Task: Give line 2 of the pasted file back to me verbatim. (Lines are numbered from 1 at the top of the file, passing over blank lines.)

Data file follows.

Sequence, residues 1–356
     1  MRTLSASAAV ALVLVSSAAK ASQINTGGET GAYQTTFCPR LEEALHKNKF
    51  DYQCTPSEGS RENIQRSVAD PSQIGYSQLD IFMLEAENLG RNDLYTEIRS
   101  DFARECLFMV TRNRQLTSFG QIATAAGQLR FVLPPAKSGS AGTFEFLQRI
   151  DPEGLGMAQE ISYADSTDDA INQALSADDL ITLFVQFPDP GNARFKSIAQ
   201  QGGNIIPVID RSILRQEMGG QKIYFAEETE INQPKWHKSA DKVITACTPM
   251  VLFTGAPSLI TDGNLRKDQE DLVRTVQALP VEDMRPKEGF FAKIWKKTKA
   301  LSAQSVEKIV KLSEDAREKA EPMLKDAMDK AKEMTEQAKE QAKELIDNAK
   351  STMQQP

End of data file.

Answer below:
     1  MRTLSASAAV ALVLVSSAAK ASQINTGGET GAYQTTFCPR LEEALHKNKF